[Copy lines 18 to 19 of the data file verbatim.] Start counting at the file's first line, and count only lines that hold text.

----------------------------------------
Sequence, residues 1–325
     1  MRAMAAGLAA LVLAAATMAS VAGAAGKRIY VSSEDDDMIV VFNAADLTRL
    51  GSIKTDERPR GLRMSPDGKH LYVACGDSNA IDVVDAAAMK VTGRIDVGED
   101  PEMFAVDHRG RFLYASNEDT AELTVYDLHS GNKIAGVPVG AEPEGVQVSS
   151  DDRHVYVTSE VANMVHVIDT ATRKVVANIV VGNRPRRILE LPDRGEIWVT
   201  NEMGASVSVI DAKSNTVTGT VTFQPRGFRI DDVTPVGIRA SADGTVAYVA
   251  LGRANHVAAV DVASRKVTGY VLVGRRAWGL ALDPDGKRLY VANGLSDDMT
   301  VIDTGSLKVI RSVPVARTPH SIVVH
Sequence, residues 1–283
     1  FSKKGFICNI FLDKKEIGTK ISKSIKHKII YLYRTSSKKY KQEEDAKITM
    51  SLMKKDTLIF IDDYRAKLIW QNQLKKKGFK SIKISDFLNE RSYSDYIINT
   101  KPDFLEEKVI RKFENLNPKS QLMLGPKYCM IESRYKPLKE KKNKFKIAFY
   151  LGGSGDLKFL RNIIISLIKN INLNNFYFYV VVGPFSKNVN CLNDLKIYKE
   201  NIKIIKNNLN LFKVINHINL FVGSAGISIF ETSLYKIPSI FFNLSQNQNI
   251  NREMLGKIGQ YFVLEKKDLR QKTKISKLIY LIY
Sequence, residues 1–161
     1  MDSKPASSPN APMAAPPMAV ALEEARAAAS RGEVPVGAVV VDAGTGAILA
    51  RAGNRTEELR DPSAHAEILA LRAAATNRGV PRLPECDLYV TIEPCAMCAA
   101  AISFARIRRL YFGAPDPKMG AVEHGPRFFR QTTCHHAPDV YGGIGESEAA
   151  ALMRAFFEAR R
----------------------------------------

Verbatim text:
    51  RAGNRTEELR DPSAHAEILA LRAAATNRGV PRLPECDLYV TIEPCAMCAA
   101  AISFARIRRL YFGAPDPKMG AVEHGPRFFR QTTCHHAPDV YGGIGESEAA